Biased, Who Me?… Just a Point of Reference?

October 28, 2020 2:58:22 PM

The Causes of Poor Decision-Making in Investing are NOT simply buying and selling at the wrong time; rather Poor Investor behavior includes psychological traps, triggers and misconceptions that cause investors to act irrationally. There are five broad behaviors that plague investors:

  1. LOSS AVERSION: Investors often expect to earn high returns while incurring little to no risk. Such an assumption is far from reality in the market, as investors must take a calculated risk to receive higher returns. 
  2. ANCHORING: Investors are often likely to experience déjà vu in their investing experience by constantly trying to relate to familiar occurrences, even when inappropriate.  
  3. HERDING: Even as data and various indicators warn investors against a specific investing behavior, investors herd around commonalities in the market and continue to copy one another in the face of unfavorable outcomes. 
  4. MEDIA RESPONSE: The average investor will bask in his addiction to the news from various media sources without reasonably examining any of the headlines that are presented.  
  5. REGRET: The average investor will continue to regret the decisions they made previously rather     than focus on the decisions they are not making.

Society has turned something that is relatively intuitive into something complex and confusing. The original intent of public stock ownership was to allow ordinary citizens of modest means a chance to take advantage of the American Dream. Yet for most investors, we seem to have taken what was supposed to be simple and made it quite complicated. We love the quote from Warren Buffett that reflects how investors approach investing in great American businesses, “There seems to be a perverse human characteristic that likes to make easy things difficult.” While it is easy to blame institutions like “Wall Street” for this dynamic, who we really should blame is ourselves. 

Like any endeavor, we approach investing with preconceived notions and past experiences, which causes us to misinterpret information and pushes us to regrettable decisions. The psychology world refers to this process as succumbing to our own pretenses or biases. Furthermore, scientific research gauges this phenomenon as highly difficult to break and analogous to freeing oneself from the shackles of addiction. Harry Markowitz, in his landmark Modern Portfolio Theory thesis, used the fact that he believed investors were unbiased as one of his main three pillars or tenets. In essence, investors make decisions in a vacuum, not benefiting from being able to bring previous experiences to the table. We completely disagree with this assessment and would construct a thesis using the exact opposite point. That is, all investors incorporate biases and heavily rely upon them in the decision-making process. Although there is much overlap in the definitions of investment biases, we have developed the “Dirty Dozen,” a list of the 12 biases that are the most devastating and difficult for investors to overcome. Because we are constrained in the length of our newsletter we will list the 12 Big Bad Biases and focus on the one we believe to be the most insidious.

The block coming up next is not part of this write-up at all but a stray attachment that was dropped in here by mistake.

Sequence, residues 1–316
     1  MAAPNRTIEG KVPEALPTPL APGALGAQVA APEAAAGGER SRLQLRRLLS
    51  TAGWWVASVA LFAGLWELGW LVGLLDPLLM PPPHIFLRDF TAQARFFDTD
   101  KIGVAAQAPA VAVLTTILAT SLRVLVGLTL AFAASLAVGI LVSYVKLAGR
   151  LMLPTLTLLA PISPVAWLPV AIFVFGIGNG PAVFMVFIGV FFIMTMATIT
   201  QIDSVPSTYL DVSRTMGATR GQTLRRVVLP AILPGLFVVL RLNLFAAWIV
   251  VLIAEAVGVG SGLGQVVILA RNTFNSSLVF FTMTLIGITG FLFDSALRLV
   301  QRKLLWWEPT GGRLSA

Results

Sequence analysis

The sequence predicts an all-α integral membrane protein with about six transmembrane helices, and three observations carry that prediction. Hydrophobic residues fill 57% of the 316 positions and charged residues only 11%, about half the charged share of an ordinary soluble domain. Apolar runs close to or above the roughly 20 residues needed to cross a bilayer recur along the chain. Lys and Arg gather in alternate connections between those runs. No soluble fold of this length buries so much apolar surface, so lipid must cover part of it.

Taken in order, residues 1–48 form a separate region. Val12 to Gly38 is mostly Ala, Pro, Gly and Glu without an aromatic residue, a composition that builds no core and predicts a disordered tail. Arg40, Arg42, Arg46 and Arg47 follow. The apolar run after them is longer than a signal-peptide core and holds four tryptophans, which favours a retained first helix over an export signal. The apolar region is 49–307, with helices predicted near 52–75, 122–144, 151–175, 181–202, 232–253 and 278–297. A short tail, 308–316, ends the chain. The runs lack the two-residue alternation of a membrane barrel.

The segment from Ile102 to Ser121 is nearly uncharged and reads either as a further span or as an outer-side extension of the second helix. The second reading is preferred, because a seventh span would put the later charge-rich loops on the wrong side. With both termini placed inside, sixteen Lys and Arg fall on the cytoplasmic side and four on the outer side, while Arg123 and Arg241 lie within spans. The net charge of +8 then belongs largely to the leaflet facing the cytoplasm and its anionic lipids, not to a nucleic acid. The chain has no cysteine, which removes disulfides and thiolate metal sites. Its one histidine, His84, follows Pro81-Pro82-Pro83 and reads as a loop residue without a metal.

The Dirty Dozen include the following 12 specific biases with the most devastating noted in red font known as Reference Point Bias:


Reference Point Bias - to money managers and advisors alike, this may be the most frustrating bias that investors display. Reference point bias sets expectations of performance around an extreme price level, usually a 52-week high or even an all-time high. Let’s say a money manager buys a stock at $50 per share. The stock proceeds to reach an all-time high of $75, a fifty percent appreciation from the original purchase price. Then, something fundamentally changes in the business, and the stock moves to $60/share. At that point, the money manager sells the stock, capturing a profit of 20% on a cost basis. In turn, the client becomes furious, because the portfolio manager did not sell at $75/share and deems the money manager and/or advisor incompetent. The client is never satisfied unless each position is bought at a recent low and sold at a recent high. If you or your clients struggle with this bias, we simply ask that you bring it to our attention so we can structure realistic goals with prudent return and risk expectations.

Chuck Etzweiler

Chuck Etzweiler

MBA, CIMA®, CFP®, CMT, Chief Research Officer & Senior Vice President

With more than three decades of investment industry experience, Chuck directs the on-going research efforts of the firm, much of which help both advisors and clients understand the philosophy and strategy of Nepsis, Inc. in a deeper manner. A high percentage of the focus of the research is centered around money manager pitfalls, investor short-comings and repetitive behavioral biases that detract clients from earning optimal returns.

Prior to joining Nepsis, Chuck worked as Chief Market Strategist for True North Global Research and as an Investment Analyst with both Wells Fargo and the Bank of Hawaii. Additionally, Chuck has earned the CIMA® designation and is a Chartered Market Technician. Chuck is a graduate of Syracuse University and also has earned his MBA in Finance from the Crummer School of Management in Winter Park, FL.

Chuck is an active member of the Market Technician’s Association and the Investments & Wealth Institute.

Chuck was raised in Allentown, PA and now lives in San Diego, California with his wife and two adult sons.



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